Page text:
Fourth: The Arabs have passed the stage of laying down the general framework of an agreement, and instead have dealt with details, particularly those pertaining to internal balances of power. And when they speak of a solution that grants the President additional power, they are in effect admitting that the special status of the presidency as it is articulated in the Taif Agreement is not valid anymore. They are also indirectly saying that what the Muslims, in particular the Sunnis, refuse to acknowledge in writing, they are acknowledging through facts on the ground through granting the President a share of the ministers that allows him to control the government, and favor one bloc over another. And this extra political weight has been given with foreign and international backing that gives him immunity in the face of internal parties.
Fifth: Looking into the electoral law in this manner means an acknowledgment that what has been used previously is not valid anymore, and so hinged on the level of election laws will be the gateway to formulate a political management of the country in a different way than what is currently the case. And this is a major bypassing of the Parliament, given the latter is the institution that produces electoral laws.
As-Safir, 12 January 2008, Suleiman Takkiyyedeen, “What kind of an Arabized solution?”:
What worries the official Arab regime is the positioning of the [Lebanese] opposition in which a major Christian current occupies a special place in its resistance to recognize the government’s project that is pro-Western (in its American form) and supportive of the official Arab regimes.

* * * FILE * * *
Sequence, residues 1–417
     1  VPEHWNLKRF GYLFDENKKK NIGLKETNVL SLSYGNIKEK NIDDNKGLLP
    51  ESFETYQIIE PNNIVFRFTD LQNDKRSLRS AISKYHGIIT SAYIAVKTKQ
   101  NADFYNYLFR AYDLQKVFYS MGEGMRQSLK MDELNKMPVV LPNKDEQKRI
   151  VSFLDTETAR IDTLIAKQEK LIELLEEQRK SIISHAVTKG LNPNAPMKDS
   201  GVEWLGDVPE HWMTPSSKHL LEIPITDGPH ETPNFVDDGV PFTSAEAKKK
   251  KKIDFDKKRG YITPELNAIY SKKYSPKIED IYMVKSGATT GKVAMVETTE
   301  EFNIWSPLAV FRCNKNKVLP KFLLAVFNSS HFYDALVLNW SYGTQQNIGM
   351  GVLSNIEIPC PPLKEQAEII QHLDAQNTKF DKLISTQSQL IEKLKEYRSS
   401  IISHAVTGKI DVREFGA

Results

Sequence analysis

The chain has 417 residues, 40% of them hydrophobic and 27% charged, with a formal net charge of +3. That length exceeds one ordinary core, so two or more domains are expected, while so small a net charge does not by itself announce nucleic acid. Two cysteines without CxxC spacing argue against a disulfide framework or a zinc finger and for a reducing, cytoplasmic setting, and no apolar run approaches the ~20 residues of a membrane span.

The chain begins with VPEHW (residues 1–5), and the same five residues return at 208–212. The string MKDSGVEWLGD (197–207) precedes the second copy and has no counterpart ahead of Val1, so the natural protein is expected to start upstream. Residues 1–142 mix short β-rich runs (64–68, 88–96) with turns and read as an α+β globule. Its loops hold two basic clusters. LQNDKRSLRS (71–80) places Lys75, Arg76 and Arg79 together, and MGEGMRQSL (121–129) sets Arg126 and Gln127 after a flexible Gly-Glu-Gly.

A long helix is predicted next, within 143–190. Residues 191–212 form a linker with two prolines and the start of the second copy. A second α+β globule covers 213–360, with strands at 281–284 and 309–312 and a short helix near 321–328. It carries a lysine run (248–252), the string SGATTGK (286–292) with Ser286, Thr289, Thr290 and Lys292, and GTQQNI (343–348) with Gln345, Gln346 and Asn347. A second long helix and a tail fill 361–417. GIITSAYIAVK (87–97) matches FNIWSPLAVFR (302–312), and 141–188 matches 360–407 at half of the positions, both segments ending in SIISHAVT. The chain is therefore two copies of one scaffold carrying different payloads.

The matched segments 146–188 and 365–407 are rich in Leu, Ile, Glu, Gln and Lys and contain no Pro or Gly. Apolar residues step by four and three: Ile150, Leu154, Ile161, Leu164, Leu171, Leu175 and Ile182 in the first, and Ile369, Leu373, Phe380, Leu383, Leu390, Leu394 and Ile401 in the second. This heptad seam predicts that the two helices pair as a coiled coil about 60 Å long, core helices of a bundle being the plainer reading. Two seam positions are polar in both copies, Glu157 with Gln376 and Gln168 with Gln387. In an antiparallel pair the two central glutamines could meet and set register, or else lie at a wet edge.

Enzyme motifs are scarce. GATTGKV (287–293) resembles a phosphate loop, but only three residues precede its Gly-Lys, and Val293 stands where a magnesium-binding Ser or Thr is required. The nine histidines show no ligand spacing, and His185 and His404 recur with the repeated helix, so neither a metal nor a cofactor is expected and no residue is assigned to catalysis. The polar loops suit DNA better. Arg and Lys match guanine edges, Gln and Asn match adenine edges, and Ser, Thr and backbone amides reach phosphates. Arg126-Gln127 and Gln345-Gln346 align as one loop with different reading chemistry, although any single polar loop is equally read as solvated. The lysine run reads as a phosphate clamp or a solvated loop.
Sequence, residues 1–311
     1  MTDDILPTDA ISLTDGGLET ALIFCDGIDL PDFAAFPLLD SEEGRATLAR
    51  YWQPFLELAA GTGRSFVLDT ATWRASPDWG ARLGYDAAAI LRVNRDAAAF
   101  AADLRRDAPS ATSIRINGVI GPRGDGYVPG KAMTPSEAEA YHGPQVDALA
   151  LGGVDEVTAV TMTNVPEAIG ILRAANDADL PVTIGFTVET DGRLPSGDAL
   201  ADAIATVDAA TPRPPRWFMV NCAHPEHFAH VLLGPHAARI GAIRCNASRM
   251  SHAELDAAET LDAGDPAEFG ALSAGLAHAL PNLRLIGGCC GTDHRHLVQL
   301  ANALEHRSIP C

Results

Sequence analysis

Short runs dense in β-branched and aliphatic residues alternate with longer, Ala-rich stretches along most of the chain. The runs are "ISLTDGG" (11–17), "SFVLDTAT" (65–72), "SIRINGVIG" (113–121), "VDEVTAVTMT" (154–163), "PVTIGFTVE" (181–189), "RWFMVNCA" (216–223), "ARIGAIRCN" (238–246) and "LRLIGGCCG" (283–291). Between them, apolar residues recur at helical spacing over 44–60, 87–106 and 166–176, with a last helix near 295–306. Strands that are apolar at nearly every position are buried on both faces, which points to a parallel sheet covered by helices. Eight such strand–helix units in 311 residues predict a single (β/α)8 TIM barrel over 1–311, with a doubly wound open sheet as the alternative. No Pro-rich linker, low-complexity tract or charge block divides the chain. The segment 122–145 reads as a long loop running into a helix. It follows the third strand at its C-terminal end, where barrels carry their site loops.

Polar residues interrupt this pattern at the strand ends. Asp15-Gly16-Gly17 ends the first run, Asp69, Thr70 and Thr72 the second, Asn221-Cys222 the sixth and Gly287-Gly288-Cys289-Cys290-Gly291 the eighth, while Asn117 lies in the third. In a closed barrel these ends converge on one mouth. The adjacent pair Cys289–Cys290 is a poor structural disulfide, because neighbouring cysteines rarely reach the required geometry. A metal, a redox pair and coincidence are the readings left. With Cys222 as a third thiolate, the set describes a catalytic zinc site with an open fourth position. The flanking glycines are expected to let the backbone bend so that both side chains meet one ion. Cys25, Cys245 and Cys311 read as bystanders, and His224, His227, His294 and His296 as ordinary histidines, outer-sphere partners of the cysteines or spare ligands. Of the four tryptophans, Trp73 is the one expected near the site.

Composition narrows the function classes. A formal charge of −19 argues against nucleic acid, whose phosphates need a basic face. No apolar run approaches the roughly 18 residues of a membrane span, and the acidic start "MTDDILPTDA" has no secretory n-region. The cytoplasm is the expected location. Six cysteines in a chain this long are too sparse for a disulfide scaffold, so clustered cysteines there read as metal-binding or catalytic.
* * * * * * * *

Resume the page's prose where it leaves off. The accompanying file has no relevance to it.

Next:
The Arabs don’t see the Christians as an important player in rebuilding national unity through their effective and distinct energy that adds a special flavor to the liberal and open political thought and life in Lebanon. Instead, the Arabs wish to use the Christians as a tool for a political Arabization of Lebanon that reflects the political weight in the official Arab regime. But most Christians are aware today that this “Arabization” is one of the worst such waves that impacted Lebanon. It pumps into Lebanon regressive politics and carries Lebanon onto the bandwagon of the American project, a project that gives no weight to issues of freedom and cultural diversity but exacerbates all the contradictions of society to entrench its hegemony in that society as is the case in Iraq.
And so the question is, does the Arab Initiative constitute a gradual understanding of Lebanese realities … and therefore lays the ground to further steps that result in solutions even within the scope of resurrection of state institutions? Or does it remain in a trial phase that simply postpones the explosion of the crisis until a more convenient timing?
Al-Mustaqbal, 13 January 2008, Faris Khashan, “The Mission of Moussa is governed by Syrian rules that scuttles the mission of Kouchner”:
The most optimistic theories in Lebanon estimate that the Presidential election will not take place before March, specifically on the eve of the scheduled date for the Arab summit in Damascus. Proponents of these theories believe that the Syrian regime will never allow for an Arab summit to reflect badly on itself through the fast tracking of a widespread boycott led by the Saudi kingdom that had confirmed that it will not go to the Damascus summit if the Lebanese presidential palace does not become occupied by the army chief Michel Suleiman …
And there are those who say that the Syrian regime prefers the steering of a large-scale conflict with Arab countries and with the international community than watching Lebanon recover outside the Syrian regime’s direct or indirect patronage, and that is what has happened since the beginning of 2004 …
And so it is clear that Arab League secretary Amr Moussa will face one failure after the other in Lebanon, the same way the French foreign minister Bernard Kouchner did.
Meet the Lebanese Press is EI’s twice-monthly review of what is making the rounds in the Lebanese press and the pundits’ take on it.
Hicham Safieddine is a Lebanese Canadian journalist.